With the Dent d'Hérens looming in the background, the author and his team cross the heavily crevassed Stockji Glacier en route to the Schönbiel Hut. | Photo by PatitucciPhoto
I marched up the Glacier du Mont Miné, my boots crunching a thin layer of ice that had formed overnight. I'd craved another cup of instant coffee at the Cabane de Bertol, a hut improbably perched atop a rock fin at 11,000 feet, but I wanted to climb while the glacier's surface was still frozen hard. So, in the morning dark, I descended 20 stories of steel ladders from the hut, dropped onto the ice, and roped up.
"Travel is glamorous only in retrospect."
Now a day and a half from the terminus of the Haute Route, the classic alpine line between Chamonix, France, and Zermatt, Switzerland, I plodded across three miles of yet another glacier as the world around my headlamp turned from black to dark blue. I kicked steps to the summit of Tête Blanche, where I dropped my pack and looked east toward the dominating snow-and-rock sculptures of the Matterhorn and the Dent d'Hérens.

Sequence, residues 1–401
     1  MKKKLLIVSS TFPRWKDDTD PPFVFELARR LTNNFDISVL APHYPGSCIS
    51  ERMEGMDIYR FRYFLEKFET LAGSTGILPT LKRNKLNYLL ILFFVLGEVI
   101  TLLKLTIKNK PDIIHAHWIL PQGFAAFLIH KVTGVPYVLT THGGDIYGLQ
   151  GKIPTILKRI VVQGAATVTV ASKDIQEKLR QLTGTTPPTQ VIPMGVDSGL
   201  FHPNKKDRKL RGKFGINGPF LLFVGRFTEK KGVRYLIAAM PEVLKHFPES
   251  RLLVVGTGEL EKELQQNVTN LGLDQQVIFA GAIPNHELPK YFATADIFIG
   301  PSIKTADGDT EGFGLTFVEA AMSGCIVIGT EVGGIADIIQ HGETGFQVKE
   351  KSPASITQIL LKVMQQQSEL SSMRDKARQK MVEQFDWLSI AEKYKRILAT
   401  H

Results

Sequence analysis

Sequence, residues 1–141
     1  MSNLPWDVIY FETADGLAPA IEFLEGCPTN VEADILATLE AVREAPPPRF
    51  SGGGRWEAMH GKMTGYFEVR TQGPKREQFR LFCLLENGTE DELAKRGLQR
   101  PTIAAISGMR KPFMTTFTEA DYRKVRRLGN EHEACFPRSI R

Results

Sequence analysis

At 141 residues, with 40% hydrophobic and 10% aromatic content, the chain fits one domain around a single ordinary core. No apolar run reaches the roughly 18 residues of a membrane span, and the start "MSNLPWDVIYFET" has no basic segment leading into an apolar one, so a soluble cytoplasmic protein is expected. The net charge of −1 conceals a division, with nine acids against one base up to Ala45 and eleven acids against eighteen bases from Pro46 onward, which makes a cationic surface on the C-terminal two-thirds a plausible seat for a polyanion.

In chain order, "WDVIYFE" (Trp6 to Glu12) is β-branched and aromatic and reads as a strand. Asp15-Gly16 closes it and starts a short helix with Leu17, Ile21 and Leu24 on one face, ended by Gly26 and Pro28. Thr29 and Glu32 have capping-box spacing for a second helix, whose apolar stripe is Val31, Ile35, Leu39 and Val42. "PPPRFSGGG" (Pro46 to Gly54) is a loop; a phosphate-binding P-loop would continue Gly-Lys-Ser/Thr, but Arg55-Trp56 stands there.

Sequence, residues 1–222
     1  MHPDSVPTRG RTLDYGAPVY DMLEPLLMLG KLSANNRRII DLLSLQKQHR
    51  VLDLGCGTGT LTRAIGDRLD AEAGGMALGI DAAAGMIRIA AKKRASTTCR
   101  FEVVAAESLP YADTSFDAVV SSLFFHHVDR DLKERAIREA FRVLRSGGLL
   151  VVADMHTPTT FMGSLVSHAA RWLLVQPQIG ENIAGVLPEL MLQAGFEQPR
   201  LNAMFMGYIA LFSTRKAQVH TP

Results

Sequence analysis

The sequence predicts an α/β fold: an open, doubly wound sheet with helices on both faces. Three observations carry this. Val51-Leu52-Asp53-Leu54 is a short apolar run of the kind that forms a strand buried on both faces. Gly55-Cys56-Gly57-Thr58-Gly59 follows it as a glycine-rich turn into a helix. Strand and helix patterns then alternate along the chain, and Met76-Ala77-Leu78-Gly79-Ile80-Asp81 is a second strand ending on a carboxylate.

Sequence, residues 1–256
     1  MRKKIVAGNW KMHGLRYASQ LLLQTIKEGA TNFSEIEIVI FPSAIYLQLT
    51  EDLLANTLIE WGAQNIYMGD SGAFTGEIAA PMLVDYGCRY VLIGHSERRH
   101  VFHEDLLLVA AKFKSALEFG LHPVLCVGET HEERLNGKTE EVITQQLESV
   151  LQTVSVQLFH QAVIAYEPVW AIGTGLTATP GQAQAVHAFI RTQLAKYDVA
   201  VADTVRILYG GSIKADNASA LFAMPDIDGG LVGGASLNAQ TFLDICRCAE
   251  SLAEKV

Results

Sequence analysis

A century and a half ago, Frederick Jacomb of the Alpine Club stood on this peak and looked down the valley toward Zermatt—just out of view behind the Matterhorn's northeast ridge. He was elated to have discovered a new col, another pass for the High Level Route the club envisioned. The next year, 1861, the route was complete, and it eventually spawned variations like the winter Haute Route for skiers and a Haute Route for hikers. Today, more than 5,000 travelers make some variation of Jacomb's journey each year.
Five hours of glacier, rock, and trail walking later, I sat in the sun at the Schoenbiel Hut drinking coffee and munching rösti, Switzerland's crisp delicacy of fried potatoes, cheese, and eggs. I lifted my head to look around every hour or so, when I heard the thunderclap of rock and ice ripping down the great north face of the Matterhorn. That peak made the rest of the Haute Route look tame, a half-day downhill stroll. I took a sip of coffee and waited patiently for the next avalanche to drum down the mountain. —Brendan Leonard